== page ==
When Robert Owen founded his utopian community, he wanted to have the best minds he could find running the educational system. He recruited William Maclure, who in turn brought many great minds with him. Their boat was nicknamed the Boatload of Knowledge.
We’re coming up on the centennial of the act of heroism that earned Alvin York the Medal of Honor. His name is known thanks to the 1941 film “Sergeant York,” but it takes a lot of liberties, and omits what he believed was his greatest accomplishment.
Holly is joined in the studio by Carol Thompson, Fred and Rita Richman Curator of African Art at the High Museum of Art. Carol shares her incredible knowledge, stories from her personal life and the importance of studying Africa's rich art tradition.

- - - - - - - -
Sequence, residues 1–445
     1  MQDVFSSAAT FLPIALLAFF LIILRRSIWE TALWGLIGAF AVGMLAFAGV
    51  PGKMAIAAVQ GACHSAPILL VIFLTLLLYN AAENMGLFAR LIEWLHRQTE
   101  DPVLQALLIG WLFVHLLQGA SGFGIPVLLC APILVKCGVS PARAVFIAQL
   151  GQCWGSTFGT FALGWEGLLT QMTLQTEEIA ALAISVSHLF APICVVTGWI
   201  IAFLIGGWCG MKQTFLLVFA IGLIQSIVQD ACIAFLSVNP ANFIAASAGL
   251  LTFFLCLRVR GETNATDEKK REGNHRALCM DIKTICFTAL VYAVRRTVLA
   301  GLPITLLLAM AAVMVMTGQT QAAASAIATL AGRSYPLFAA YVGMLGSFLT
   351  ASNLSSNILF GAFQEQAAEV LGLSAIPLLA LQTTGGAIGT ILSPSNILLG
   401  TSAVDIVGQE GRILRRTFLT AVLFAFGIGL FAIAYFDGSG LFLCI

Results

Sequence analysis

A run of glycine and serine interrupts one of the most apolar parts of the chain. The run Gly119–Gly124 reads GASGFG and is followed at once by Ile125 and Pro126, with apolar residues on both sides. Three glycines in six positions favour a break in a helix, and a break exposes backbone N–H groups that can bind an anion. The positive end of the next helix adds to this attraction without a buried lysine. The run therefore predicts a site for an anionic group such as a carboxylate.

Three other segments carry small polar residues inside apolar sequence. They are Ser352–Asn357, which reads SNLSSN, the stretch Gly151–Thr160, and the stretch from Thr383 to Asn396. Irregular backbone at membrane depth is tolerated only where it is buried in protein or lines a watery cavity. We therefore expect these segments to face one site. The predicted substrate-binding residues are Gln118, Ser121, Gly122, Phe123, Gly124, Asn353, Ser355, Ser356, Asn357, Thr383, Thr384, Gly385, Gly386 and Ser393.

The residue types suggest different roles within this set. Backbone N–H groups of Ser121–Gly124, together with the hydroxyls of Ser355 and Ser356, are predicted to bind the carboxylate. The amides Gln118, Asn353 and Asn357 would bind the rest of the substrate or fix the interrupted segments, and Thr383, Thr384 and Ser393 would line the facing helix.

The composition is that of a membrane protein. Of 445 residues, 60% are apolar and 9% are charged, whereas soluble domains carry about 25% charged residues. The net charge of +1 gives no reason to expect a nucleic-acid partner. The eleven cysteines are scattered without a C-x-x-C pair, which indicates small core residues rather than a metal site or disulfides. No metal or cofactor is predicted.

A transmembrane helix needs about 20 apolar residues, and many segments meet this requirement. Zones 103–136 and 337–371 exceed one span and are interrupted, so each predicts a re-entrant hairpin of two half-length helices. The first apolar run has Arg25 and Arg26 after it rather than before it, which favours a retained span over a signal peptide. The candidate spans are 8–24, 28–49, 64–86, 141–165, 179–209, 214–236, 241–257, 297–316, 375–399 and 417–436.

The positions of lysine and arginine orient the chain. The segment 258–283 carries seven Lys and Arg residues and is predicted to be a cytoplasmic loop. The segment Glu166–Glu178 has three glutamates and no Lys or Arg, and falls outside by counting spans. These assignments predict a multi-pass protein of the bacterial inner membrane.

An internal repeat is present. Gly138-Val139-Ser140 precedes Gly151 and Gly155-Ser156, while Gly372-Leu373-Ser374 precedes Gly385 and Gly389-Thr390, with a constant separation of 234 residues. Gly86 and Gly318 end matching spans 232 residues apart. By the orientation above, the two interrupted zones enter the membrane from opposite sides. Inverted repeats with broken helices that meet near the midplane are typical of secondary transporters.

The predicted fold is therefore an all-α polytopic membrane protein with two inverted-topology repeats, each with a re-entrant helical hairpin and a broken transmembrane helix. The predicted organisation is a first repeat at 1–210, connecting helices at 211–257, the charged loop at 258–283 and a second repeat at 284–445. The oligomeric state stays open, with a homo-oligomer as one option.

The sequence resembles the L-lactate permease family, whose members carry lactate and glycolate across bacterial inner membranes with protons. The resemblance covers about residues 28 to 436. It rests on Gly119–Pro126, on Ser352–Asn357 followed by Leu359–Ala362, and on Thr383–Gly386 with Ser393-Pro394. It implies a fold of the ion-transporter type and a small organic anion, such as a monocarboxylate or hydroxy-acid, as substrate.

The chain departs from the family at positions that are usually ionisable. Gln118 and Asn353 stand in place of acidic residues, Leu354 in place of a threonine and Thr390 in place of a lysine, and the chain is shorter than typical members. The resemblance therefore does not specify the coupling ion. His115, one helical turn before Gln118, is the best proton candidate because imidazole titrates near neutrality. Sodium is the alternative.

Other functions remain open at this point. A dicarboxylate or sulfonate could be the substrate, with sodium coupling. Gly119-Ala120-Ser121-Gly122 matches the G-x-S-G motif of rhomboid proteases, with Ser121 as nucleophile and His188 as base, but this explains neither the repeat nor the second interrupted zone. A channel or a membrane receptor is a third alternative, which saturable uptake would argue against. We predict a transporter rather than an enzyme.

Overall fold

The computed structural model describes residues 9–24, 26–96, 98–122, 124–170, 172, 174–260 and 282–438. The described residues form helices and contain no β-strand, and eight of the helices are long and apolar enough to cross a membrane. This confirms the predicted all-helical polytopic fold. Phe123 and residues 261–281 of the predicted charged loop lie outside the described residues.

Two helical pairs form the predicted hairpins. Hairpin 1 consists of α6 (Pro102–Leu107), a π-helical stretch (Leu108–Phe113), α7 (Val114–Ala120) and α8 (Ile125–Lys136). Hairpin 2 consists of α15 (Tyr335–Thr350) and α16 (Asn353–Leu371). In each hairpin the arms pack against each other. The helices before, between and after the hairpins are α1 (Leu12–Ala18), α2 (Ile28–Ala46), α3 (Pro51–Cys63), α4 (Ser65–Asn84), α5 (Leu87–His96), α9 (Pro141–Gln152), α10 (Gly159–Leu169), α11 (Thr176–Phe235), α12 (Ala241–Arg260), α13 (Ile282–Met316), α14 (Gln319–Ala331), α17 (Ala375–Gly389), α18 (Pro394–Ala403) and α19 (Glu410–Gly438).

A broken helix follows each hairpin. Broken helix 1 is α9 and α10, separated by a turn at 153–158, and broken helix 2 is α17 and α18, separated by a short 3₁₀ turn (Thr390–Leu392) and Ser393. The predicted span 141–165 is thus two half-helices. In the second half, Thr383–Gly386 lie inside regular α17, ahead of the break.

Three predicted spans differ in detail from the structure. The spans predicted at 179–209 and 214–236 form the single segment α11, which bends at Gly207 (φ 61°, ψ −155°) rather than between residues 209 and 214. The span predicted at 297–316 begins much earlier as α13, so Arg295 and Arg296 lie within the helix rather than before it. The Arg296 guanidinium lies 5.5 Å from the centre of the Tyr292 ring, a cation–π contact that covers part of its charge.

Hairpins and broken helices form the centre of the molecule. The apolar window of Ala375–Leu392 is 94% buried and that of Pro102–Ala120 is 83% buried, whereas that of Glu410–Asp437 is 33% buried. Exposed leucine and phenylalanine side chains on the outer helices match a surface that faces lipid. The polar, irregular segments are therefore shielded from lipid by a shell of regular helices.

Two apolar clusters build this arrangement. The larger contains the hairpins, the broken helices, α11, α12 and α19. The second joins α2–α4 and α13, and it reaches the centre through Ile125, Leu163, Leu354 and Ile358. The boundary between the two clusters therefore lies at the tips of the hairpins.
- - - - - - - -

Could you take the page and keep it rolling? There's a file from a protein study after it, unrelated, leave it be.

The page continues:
Louisa was not the only notable Alcott. Her father, Bronson Alcott, made a name for himself as a philosopher and a teacher. And her youngest sister, May Alcott, was an artist, who was really growing in prominence before she died at an early age.
Until 1975, children with disabilities in the U.S. weren't guaranteed the right to a public education. The ruling in Brown v. Board sparked a series of cases related to children who had been segregated or restricted from schools based on disabilities.
It would be next to impossible to have ever had a class on American history or the American Civil Rights Movement and not heard about Brown v. Board. But the case is much more complicated than just one child in one segregated school system.